Calvin's Commentaries, Vol. 4: Harmony of the Law, Part II, tr. by John King, [1847-50], at sacred-texts.com
8. If there arise a matter too hard for thee in judgment, between blood and blood, between plea and plea, and between stroke and stroke, being matters of controversy within thy gates: then shalt thou arise, and get thee up into the place which the LORD thy God shall choose;
8. Si quid latuerit te in judicio inter sanguinem et sanguinem, inter causam et causam, et inter plagam et plagam, in rebus rixarum, intra portas tuas, tunc surges, et ascendes ad locum quem elegerit Jehova Deus tuus.
9. And thou shalt come unto the priests the Levites, and unto the judge that shall be in those days, and enquire; and they shall shew thee the sentence of judgment:
9. Et venies ad sacerdotes, Levitas, et ad judicem qui fuerit in diebus illis, et quaeres, et indicabunt tibi verbum judicii.
10. And thou shalt do according to the sentence, which they of that place which the LORD shall choose shall shew thee; and thou shalt observe to do according to all that they inform thee:
10. Et facies juxta verbum quod indicaverint tibi e loco illo quem elegerit Jehova, et observabis facere secundum omnia quae docuerint te.
11. According to the sentence of the law which they shall teach thee, and according to the judgment which they shall tell thee, thou shalt do: thou shalt not decline from the sentence which they shall shew thee, to the right hand, nor to the left.
11. Secundum legem quam docuerint re, et secundum judicium quod dixerint tibi, facies: non declinabis a verbo quod indicaverint tibi, ad dextram, aut ad sinistram.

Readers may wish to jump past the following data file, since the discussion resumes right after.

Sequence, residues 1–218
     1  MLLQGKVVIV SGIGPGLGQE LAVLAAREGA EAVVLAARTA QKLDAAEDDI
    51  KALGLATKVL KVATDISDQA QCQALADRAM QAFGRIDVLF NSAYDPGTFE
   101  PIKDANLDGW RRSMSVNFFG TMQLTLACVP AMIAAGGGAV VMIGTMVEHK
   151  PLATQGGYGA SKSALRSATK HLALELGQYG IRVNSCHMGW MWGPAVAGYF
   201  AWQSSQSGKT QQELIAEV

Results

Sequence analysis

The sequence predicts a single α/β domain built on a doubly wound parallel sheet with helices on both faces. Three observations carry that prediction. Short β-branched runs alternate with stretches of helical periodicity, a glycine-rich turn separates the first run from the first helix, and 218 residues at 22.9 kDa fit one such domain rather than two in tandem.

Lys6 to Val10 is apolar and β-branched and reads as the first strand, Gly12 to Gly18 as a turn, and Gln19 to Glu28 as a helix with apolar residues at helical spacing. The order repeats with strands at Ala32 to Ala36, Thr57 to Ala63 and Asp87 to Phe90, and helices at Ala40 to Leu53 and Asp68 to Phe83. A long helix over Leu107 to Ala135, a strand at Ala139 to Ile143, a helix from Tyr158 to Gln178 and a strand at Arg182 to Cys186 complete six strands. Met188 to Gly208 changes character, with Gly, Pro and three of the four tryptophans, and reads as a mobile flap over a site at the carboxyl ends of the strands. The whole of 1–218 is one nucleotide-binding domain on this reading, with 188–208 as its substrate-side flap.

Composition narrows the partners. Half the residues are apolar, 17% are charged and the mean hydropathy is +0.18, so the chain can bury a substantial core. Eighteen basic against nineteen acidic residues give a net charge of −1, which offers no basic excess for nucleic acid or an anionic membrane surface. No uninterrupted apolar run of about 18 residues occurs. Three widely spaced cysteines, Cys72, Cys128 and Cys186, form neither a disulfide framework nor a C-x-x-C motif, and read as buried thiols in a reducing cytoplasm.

8 If there arise a matter too hard for thee. The principal office of the priests is here described under a single head, viz., that they should declare what was right in doubtful and obscure matters out of the Law of God; for although God seems only to refer to civil controversies, yet there is no doubt but that by synecdoche He appoints them to be interpreters of the doctrine of the Law. That their authority might be more reverenced in general, He commands the people to acquiesce in their judgment even on the most disagreeable points: for if their sentence is to be submitted to where a man’s life is in question, or when any disputes are to be settled, much more is all exception taken away with respect to God’s worship and spiritual doctrine. I confess that the priests are not the sole judges here appointed, but that others of the people are associated with them as colleagues, yet the dignity of the priesthood is especially exalted. The opinion which some hold, that the high priest alone is intended by the word judge, is easily refuted; because Moses distinctly enumerates the priests, the Levites, and the judge. But it is probable that there is by enallage a change of number in it; for it appears from the sacred history that several were appointed, where Jehoshaphat is related to have chosen “of the Levites, and of the priests, and of the chief of the fathers of Israel” to preside at Jerusalem in judgment. (2Ch 19:8.) Assuredly the pious king would have been unwilling to depart in the very least degree from the rule of the Law, and his zeal is praised by the Holy Spirit Himself: but this was the arrangement made, as appears a little further on, that the high priest held the primacy “in matters of the Lord,” and the king’s governor attended to civil causes and earthly affairs. And thus again is confirmed what I have lately adverted to, i.e., that the office of teaching was entrusted to the priests, that they might solve any difficult questions, which is also supported by the words of Jehoshaphat, when he says, “And what cause soever shall come to you of your brethren — between blood and blood, between law and commandment, statutes and judgments, ye shall even warn them that they trespass not against the Lord.” (2Ch 19:10.)